…as Ghana Enterprise Agency begins operations
President Nana Addo Dankwa Akufo-Addo has announced that government, through the newly established Ghana Enterprises Agency (GEA), will be providing some GH¢145million to support Small and Medium Enterprises (SMEs) accelerate their growth.
According to him, the capital will be disbursed through the ‘GEA SME Grand Fund’ and is targetted at resuscitating 250-350 SMEs from the adverse impact COVID-19 has had on their operation, and position them on a growth path. The programme, which is under the Ghana Economic Transformation Project backed by the World Bank, also aims to ensure sustainability for these SMEs and enhance their capabilities to compete on the regional, continental and global stages.
Speaking at the official launch of the Ghana Enterprises Agency (GEA) – formerly National Board for Small Scale Industries (NBSSI) – President Akufo-Addo said: “I assure all MSMEs that this is just the beginning; the best is yet to come and government will ensure the sector receives more support to help in its transformation process”.
He noted that an essential feature of all successful and developed economies is the existence of a dynamic MSMEs sector, and the nation is poised to create that environment and help accelerate its socio-economic development through the GEA and its partners.
Acting CEO of GEA, Kosi Yankey-Ayeh, in her address at the launch said: “We are ready to do more for this nation, for the MSME sector in the next few years, as you have tasked us. Since I took up the role of Executive Director of NBSSI to now Acting CEO of GEA, I have always envisioned an institution that could implement and oversee tangible impact and support for our MSMEs.
“A lot has been done, but more must be done because from the one who has been entrusted with much, much more will be asked; and we aspire to do a whole lot more for the benefit of MSMEs and Ghanaians.” She promised that the GEA will rally its partners so that, together, they will achieve a lot more for the nation.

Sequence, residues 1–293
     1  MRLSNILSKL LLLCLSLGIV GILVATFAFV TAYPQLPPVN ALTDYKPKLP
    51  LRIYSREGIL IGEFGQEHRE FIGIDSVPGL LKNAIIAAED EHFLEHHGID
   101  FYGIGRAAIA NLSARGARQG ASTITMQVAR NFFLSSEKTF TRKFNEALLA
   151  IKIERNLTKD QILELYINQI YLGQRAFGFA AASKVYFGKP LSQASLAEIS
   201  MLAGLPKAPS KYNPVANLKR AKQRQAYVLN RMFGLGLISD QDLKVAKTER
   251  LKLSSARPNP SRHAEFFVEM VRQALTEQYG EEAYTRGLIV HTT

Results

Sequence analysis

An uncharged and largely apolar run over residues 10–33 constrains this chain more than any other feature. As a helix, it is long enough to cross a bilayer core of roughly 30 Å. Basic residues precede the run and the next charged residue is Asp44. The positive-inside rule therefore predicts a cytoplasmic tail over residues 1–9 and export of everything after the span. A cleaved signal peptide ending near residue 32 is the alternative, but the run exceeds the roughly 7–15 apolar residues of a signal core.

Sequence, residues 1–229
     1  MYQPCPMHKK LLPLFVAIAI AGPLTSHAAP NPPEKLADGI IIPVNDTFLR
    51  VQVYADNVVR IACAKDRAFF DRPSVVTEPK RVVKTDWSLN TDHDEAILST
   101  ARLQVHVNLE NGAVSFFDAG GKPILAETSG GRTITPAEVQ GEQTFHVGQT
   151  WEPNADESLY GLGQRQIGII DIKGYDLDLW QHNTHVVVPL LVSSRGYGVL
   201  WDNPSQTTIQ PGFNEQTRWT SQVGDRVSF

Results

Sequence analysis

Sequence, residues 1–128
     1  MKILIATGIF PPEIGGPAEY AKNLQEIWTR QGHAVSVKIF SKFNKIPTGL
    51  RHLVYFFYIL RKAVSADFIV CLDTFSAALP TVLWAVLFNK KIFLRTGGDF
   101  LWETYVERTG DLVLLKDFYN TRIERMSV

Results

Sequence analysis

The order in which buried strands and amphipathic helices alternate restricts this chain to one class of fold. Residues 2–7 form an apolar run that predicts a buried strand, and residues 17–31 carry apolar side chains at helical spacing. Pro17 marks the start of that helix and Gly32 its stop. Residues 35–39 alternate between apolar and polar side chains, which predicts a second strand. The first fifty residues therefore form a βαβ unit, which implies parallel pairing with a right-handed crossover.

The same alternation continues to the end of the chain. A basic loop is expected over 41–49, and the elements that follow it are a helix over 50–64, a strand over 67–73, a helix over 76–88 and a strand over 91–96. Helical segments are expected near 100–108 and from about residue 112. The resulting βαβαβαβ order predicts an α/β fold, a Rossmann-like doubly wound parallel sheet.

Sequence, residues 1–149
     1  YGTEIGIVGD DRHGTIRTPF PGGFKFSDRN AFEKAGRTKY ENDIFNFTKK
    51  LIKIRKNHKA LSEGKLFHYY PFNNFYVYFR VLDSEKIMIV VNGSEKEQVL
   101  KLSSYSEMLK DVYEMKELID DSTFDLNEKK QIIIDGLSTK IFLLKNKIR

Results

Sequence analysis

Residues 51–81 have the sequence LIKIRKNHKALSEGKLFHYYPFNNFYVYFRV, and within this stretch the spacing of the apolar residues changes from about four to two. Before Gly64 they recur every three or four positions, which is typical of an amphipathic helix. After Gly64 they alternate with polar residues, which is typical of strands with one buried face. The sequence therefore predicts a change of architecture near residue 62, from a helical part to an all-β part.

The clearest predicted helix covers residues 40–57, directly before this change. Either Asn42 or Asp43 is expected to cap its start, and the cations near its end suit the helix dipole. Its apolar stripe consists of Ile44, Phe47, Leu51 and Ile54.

Minister for Trade and Industry, Alan Kyerematen, added that the Free SHS policy will lead to the production of more graduates; and the MSME sector needs to be made robust not only to absorb the graduates, but also contribute significant revenue to support the ‘Ghana Beyond Aid’ agenda.
Finance Minister Ken Ofori Atta said government is proud of what the NBSSI did with the disbursement of funds under the Coronavirus Alleviation Programme Business Support Scheme (CAP BuSS) programme. He is hopeful that the GEA’s contribution to the Obaatanpa CARES programme will be exceptional.
In Ghana, the MSME sector constitutes about 92 percent of all registered businesses, employs about 85 percent of the manufacturing workforce and contributes about 70 percent of Ghana’s Gross Domestic Product (GDP). This shows the important role they play to attainment of the country’s socioeconomic development. The sector holds the key to accelerating the nation’s job creation, wealth generation and improvement in quality of life agenda.
The National MSME Policy
The Ministry of Trade and Industry led development of the first National MSME and Entrepreneurship Policy, which received Cabinet’s approval in September, 2019.
The policy, a first of its kind in the history of Ghana, seeks to achieve a number of objectives and is also evidence of government’s strong commitment and clarity of vision toward industrial transformation of the economy.
It is to serve as a strategic blueprint and a justification for government to budget and commit resources for its implementation, while ensuring that development partners align their technical and financial support to government based on any of the eight thematic areas of the policy.
The policy established the necessary administrative, legal, regulatory and institutional framework that transformed the National Board for Small Scale Industries (NBSSI) into the Ghana Enterprises Agency (GEA). It clearly defines and classifies MSMEs in Ghana based on three main criteria (permanent size of employees, annual turnover and assets).
It provides a broad framework and clarity in defining key challenges, opportunities and critical issues of the sector, carefully defined and analysed under eight thematic areas. Some of the identified gaps are: lack of coordinated support programmes; unfavourable legal setup; inadequate financial support and human resource capacity.
Again, it outlines clear guidelines and the requisite governance structure for existing businesses, prospective investors, funding agencies, service providers and financial institutions and other key stakeholders that work directly or indirectly in the promotion and development of MSMEs.
And finally, it provides government with the opportunity to establish the first-ever MSME Fund that will be accessible to all types of MSMEs and administered by the GEA.